Multiple Testing

Next comes the crucial question regarding which p-values can be considered significant in a GWA study. In contrast to hypothesis-driven candidate gene association studies, GWA studies are hypothesis-free. This means that every SNP is tested without any assumption regarding genetic association with disease and hence, a huge multiple testing correction needs to be applied. For example, with 500,000 SNPs tested for association the standard significance level of 0.05 would already yield 25,000 false-positive results, assuming independence between all SNPs. Furthermore, in addition to the large number of SNPs a multiple testing correction should also be applied if multiple phenotypes rs11153730

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Chromosome 6 position (Kb)

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Chromosome 6 position (Kb)

Fig. 29.4 Regional association plot for the SLC35F1/c6orf204/PLN locus on chromosome 6. Shown is the region extending to 500 kb either side of the most associated SNP rs11153730. The SNPs are illustrated on —log10(P) scale as a function of chromosomal position (NCBI build36.3). The sentinel SNP is illustrated in blue. Surrounding SNPs are colored according to their r2 with rs11153730 (red indicates an r2 >0.8, orange an r2 of 0.5-0.8, yellow an r2 of 0.2-0.5, and gray an r2 of less than 0.2). (From Nolte et al, 2009)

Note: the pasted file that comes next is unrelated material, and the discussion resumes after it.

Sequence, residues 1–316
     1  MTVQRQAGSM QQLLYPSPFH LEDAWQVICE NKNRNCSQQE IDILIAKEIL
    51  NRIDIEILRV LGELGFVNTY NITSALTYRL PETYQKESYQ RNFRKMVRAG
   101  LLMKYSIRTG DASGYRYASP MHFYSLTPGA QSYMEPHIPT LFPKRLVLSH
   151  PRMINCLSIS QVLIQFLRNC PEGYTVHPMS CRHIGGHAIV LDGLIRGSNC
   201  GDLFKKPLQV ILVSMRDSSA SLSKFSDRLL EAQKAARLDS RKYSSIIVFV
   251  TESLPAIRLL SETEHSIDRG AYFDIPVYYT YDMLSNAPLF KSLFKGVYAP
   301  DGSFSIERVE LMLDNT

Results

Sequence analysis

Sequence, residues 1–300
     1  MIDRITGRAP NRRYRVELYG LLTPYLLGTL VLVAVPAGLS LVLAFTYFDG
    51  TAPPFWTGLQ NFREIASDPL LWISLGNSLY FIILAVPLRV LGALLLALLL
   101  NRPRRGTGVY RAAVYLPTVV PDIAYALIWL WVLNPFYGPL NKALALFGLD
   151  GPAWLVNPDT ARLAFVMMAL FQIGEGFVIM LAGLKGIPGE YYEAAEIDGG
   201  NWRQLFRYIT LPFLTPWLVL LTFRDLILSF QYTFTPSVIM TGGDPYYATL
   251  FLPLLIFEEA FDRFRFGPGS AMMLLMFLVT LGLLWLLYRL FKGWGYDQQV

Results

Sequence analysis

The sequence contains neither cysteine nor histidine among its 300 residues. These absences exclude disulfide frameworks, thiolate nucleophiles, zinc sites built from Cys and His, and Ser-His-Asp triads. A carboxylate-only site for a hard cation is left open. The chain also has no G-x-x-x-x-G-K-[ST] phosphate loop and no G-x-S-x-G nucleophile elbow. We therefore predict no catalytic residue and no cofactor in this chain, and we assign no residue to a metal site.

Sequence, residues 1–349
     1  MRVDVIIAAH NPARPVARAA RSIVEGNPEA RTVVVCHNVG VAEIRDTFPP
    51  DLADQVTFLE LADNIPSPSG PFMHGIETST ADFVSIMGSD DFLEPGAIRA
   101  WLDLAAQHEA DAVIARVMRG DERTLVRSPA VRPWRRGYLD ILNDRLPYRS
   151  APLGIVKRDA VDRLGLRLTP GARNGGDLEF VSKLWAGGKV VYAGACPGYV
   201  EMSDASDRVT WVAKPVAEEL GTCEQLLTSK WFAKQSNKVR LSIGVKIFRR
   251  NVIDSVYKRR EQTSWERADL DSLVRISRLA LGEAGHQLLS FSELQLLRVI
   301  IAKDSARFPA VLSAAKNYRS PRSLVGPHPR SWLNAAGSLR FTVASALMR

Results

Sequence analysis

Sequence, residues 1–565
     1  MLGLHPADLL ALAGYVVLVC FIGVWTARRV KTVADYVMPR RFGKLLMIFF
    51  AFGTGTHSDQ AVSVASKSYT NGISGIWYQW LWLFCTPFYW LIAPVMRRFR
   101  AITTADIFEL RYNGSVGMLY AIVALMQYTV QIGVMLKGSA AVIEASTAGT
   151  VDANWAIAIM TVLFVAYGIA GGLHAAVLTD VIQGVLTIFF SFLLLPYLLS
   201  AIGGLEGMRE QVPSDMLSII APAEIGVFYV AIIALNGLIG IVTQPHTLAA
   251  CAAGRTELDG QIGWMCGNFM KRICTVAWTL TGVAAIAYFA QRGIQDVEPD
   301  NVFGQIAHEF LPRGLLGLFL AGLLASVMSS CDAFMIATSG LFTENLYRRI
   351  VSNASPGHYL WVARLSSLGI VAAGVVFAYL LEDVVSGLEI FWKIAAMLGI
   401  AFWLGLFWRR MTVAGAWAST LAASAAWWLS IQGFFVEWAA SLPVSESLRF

or multiple genetic models are tested. However, as there is correlation between SNPs, between phenotypes, and between models, it is difficult to assess the true number of independent tests. Correction techniques for multiple comparisons based on the original Bonferroni criterion are in general too conservative (Manly et al, 2004). New procedures based on the false discovery rate effectively control the proportion of false discoveries without sacrificing the power to discover (Benjamini et al, 2001).

Recently, 5 x 10-8 has emerged as the consensus threshold for declaration of genome-wide significance (International HapMap Consortium, 2005). This threshold maintains a 5% genome-wide type I error rate based on estimations of the number of independent tests for common sequence variation (1 million tests), at least in Caucasians (Dudbridge and Gusnanto, 2008; Pe'er et al, 2008). Stricter thresholds are needed for populations with lower LD. For example, the genome-wide testing burden in Africans was estimated to be 2 million independent tests, which translates into a genome-wide significance threshold of 2.5 x 10-8 (Pe'er et al, 2008).

The downside of setting a stringent threshold for the type 1 error in order to avoid false-positive findings is that the probability of missing a true positive association (type II error or false-negative finding) becomes large, especially in small samples. Therefore a SNP is only considered a true positive result when it is replicated in other samples. In practice, a more lenient significance threshold (e.g., 10-6) is often used for those SNPs taken forward for replication. Alternatively, the top 100 or 1000 SNPs are selected for follow-up and can be genotyped cost-effectively using custom-made chips.

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